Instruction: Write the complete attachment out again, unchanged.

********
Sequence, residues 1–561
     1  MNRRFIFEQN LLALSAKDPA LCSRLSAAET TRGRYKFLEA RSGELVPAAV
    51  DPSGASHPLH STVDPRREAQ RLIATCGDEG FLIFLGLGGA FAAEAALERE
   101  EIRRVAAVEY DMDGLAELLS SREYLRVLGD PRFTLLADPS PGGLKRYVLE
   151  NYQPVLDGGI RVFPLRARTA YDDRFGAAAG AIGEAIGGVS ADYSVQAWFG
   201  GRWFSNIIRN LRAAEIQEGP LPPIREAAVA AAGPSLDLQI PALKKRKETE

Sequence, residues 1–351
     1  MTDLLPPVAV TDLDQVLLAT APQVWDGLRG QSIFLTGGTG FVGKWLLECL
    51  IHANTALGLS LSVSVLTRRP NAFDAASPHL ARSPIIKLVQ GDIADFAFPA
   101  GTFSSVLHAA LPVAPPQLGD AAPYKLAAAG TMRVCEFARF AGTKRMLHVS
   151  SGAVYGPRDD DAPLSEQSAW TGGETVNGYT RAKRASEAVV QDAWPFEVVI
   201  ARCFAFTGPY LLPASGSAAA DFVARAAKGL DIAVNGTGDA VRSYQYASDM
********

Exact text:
Sequence, residues 1–561
     1  MNRRFIFEQN LLALSAKDPA LCSRLSAAET TRGRYKFLEA RSGELVPAAV
    51  DPSGASHPLH STVDPRREAQ RLIATCGDEG FLIFLGLGGA FAAEAALERE
   101  EIRRVAAVEY DMDGLAELLS SREYLRVLGD PRFTLLADPS PGGLKRYVLE
   151  NYQPVLDGGI RVFPLRARTA YDDRFGAAAG AIGEAIGGVS ADYSVQAWFG
   201  GRWFSNIIRN LRAAEIQEGP LPPIREAAVA AAGPSLDLQI PALKKRKETE

Sequence, residues 1–351
     1  MTDLLPPVAV TDLDQVLLAT APQVWDGLRG QSIFLTGGTG FVGKWLLECL
    51  IHANTALGLS LSVSVLTRRP NAFDAASPHL ARSPIIKLVQ GDIADFAFPA
   101  GTFSSVLHAA LPVAPPQLGD AAPYKLAAAG TMRVCEFARF AGTKRMLHVS
   151  SGAVYGPRDD DAPLSEQSAW TGGETVNGYT RAKRASEAVV QDAWPFEVVI
   201  ARCFAFTGPY LLPASGSAAA DFVARAAKGL DIAVNGTGDA VRSYQYASDM